Electric three-wheelers could be the "low hanging fruit" that can accelerate faster adoption of electric vehicles (EVs) in India due to their "unparalleled relevance" in first and last mile connectivity in some urban areas, according to a Deloitte report.
The report -- Recharging India's electric vehicle ambition by electrifying public transport -- also said while the government will play an indispensable role in creating conducive environment for EVs to be successful in India, it should not initially consider taking all the risk.
The government should rather be more of a facilitator by providing support such as subsidies and developing policy framework, it added.
Emphasising on the importance of electric three-wheelers or e-rickshaws in the Indian context, the report said urban transport systems generally end up servicing the major route networks leaving first/last mile connectivity unattended.
"Provision of public transport services for these cities or areas by electrification of auto-rickshaws appears to be one of the optimal solution...The electric three wheelers also termed as e-rickshaws could, thus, be the low hanging fruits in EV adoption due to lower lifecycle cost," it said.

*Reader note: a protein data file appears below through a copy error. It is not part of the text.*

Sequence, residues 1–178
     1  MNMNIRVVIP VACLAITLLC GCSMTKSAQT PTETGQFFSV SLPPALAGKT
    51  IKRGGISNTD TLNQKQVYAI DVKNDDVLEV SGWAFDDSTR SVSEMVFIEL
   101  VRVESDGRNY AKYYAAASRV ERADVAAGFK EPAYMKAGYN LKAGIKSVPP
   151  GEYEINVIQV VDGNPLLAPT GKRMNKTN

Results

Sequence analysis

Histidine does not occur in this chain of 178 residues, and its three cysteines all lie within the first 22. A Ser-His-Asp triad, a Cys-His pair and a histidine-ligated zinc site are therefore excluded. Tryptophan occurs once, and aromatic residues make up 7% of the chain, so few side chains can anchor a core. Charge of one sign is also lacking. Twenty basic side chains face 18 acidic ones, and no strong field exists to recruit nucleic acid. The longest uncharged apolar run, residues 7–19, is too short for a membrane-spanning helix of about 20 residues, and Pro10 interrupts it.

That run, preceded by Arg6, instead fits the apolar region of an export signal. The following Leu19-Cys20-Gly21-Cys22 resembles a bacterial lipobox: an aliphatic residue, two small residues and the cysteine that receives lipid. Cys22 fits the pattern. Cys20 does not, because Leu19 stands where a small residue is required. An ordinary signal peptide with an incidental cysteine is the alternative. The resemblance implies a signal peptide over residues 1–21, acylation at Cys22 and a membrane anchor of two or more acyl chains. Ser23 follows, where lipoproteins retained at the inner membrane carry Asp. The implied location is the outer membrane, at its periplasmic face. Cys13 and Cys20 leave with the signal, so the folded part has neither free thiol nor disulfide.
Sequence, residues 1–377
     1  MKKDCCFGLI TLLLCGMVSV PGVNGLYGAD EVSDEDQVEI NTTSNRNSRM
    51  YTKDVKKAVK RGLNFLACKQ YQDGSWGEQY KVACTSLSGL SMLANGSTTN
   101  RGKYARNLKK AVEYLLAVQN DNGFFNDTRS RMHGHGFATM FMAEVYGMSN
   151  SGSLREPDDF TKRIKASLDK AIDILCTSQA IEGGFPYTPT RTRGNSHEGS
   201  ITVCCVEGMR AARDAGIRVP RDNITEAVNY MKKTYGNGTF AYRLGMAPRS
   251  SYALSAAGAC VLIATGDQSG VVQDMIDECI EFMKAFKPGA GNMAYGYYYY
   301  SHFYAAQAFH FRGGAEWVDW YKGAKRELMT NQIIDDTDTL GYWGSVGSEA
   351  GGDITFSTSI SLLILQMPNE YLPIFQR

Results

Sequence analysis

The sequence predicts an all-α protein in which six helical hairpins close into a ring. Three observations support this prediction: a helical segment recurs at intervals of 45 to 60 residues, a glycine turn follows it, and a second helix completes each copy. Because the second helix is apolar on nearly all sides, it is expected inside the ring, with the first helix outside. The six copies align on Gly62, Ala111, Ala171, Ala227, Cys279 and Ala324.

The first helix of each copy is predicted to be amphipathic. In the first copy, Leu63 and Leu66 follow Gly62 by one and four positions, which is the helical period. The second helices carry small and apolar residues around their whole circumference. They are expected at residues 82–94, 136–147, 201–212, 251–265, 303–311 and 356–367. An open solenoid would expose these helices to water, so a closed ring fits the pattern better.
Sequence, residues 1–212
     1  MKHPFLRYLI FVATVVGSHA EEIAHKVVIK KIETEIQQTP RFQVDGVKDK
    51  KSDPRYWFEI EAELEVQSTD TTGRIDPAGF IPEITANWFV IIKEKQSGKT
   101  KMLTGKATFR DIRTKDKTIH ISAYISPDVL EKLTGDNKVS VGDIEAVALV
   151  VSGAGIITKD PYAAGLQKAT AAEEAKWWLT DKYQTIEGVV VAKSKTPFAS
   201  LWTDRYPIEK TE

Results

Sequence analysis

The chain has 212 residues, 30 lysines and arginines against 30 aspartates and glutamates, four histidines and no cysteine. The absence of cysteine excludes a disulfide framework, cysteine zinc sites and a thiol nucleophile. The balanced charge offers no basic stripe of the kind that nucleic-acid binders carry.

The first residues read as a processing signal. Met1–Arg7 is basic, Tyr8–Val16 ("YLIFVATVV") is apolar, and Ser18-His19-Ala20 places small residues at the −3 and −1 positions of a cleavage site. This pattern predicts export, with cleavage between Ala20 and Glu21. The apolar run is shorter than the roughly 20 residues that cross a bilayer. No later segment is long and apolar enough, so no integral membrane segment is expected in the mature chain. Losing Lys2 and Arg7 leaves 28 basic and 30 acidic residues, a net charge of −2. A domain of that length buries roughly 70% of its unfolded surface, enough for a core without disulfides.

These electric three wheelers are expected to complete the value chain for public transportation by providing first/last mile connectivity or urban public transport services to the commuters, the report added.
However, for e-rickshaws to be successful the stakeholders, which include government, vehicle and battery manufacturers, and private operators, will need to work in tandem.
The business models should aim at promoting acquisition, deployment, usage, and monitoring and control of these vehicles effectively, the report said.
"The business models for e-rickshaws ideally should be such that they help in furthering adoption of EVs in the cities by ensuring better connectivity of services. These business models would need to promote accessibility, adequacy, affordability, safety and reliability of passenger services and facilitate efficient last mile connectivity," it added.
Additionally, it should aim at managing the risk among the involved parties, allowing to operate them to attain cost efficiency, the report said.
Stressing on the importance of the government's role in promotion of overall EVs in India, the report said support in terms of regulatory framework, reduction in battery cost, and widespread availability of charging infrastructure are expected to be the key pillars for mass adoption.
"Government should initially not consider taking all the risk and should rather be more of facilitator in developing the conducive environment for growth of players and electric mobility by providing funds, subsidies, developing policy framework, etc," it said.
The private players are expected to be able to bring innovation in the era when technology is evolving, the report noted.
Thus, government will play an indispensable role in creating conducive environment for larger participation of private operators at all stages of EVs adoption such as manufacturing, operation, charging systems, among others for a total shift to EVs progressively, it said.